The Extraordinary Adventures of Mr. West in the Land of the Bolsheviks (1924)

21 01 2010

As the long title somewhat suggests, this is a fairly flimsy and fun effort, albeit one that has become historical relevant for, at least in my opinion, the fact that Lev Kuleshov’s name was attached to it. I don’t want to sound too critical, but I don’t get an impression of something truly groundbreaking here, mostly just some light, enjoyable humor. Perhaps it was a stepping stone towards some of the more remarkable achievements of Russian filmmakers.

This is a pretty obvious satire on American culture. Mr. West, an American native, stumbles into countless little dramas that his naive, simple American mind can’t quite comprehend. I will give Kuleshov some credit for showing shades of American cinema while taking his playful stabs at the mindless tourists. It should be noted that there are very heavy shades of westerns, which is particularly striking if one takes into account the fact that westerns didn’t become an easily recognizable cultural landmark of American cinema until John Ford’s Stagecoach in 1939. Still, the serial westerns were relevant but they were definitely less recognizable around the world. They were absolutely low-culture, so it does show some keen western perspective from writers Vsevolod Pudovkin, who would go on to become one of Russia’s greatest directors, and Nikolai Aseyev, the man responsible for the original intertitles of Eisenstein’s Battleship Potemkin.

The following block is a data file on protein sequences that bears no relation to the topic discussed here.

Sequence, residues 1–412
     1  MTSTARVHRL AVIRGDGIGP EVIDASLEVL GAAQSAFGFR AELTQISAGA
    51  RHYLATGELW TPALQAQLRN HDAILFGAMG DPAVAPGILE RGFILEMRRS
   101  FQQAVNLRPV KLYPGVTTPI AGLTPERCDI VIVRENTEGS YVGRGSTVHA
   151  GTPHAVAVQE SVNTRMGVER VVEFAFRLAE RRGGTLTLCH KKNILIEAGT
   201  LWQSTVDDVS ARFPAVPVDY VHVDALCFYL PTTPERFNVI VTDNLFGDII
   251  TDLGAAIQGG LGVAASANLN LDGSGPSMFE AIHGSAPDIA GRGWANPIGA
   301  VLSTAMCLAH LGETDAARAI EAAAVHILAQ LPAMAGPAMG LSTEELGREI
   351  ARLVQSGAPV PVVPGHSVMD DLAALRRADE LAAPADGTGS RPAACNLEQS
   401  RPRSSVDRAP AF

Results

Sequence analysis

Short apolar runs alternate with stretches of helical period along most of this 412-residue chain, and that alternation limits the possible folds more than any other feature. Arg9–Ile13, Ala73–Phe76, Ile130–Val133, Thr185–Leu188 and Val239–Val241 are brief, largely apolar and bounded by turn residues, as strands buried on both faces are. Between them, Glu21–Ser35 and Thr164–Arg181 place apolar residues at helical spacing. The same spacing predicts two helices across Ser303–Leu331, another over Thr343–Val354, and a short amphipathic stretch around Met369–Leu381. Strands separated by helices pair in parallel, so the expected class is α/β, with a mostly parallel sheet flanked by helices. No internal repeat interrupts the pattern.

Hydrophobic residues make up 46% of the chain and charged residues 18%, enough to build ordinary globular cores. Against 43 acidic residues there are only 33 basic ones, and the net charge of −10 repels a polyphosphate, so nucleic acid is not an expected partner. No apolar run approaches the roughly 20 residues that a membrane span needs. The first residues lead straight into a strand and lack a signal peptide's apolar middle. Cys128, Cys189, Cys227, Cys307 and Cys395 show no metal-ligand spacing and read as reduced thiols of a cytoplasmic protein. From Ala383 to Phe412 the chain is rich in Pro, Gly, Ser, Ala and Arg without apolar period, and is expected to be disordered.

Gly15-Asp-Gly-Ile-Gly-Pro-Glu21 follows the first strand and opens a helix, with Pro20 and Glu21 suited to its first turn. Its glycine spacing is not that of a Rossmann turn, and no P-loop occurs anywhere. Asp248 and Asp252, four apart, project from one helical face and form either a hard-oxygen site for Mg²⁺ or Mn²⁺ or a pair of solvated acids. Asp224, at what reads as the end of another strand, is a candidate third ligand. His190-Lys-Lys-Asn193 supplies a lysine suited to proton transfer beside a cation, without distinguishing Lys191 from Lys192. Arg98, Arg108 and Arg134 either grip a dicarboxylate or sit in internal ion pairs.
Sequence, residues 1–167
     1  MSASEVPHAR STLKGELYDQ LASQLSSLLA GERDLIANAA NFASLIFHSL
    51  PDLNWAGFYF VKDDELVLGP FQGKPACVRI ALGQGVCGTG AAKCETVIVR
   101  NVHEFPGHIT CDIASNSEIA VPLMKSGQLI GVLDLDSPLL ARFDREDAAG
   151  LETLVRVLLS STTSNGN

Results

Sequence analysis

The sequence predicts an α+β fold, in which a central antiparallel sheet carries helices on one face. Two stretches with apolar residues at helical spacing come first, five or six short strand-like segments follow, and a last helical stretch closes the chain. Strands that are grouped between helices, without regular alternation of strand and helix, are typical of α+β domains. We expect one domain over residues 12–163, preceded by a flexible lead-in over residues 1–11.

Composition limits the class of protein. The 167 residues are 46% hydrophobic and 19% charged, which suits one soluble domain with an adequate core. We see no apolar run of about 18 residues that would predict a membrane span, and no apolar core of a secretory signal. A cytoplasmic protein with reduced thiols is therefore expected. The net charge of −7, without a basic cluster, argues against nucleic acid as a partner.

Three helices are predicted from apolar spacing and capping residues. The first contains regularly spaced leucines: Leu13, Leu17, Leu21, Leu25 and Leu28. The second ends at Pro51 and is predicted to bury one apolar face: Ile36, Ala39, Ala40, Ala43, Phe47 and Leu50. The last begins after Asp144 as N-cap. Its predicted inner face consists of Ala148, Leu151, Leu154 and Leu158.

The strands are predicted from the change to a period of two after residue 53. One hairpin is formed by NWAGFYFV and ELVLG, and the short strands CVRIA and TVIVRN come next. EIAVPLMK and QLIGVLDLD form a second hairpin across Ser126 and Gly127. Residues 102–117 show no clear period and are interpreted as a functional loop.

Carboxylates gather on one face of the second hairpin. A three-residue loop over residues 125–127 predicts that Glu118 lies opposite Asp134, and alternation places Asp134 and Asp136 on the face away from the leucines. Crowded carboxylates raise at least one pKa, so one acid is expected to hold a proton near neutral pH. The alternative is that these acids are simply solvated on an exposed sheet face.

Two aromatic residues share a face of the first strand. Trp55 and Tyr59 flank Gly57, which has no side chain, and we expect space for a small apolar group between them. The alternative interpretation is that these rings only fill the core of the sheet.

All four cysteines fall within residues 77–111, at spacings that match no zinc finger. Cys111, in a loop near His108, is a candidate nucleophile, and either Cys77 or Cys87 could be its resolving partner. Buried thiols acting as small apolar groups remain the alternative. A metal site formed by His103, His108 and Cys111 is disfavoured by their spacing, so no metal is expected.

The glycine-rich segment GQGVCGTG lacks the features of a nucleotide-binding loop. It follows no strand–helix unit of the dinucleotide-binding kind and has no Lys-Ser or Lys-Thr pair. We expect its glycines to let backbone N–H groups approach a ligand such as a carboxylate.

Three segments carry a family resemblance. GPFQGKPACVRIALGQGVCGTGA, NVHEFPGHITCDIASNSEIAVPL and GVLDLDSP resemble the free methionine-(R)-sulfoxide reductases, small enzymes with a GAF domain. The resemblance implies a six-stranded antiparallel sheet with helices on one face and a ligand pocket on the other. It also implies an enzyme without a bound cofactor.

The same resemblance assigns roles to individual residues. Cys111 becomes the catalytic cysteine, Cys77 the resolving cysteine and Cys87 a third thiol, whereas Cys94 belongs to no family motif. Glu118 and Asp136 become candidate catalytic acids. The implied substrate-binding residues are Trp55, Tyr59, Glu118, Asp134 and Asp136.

Kuleshov does has his fair share of magical cinematic moments, but I think this film is best enjoyed as a minor distraction. That sounds like a dubious claim, when one considers the “importance” of this culturally speaking. Honestly, though, I am more likely to remember this film for having a performance from two great directors to-be, Boris Barnet and one of the film’s writers, Vsevolod Pudovkin. I’m not going to give up with Kuleshov, as I can already see the beginning of something special early in his career here, but I don’t think this is going to be much more than a historical curiosity. Recommended viewing, but not an absolutely essential one.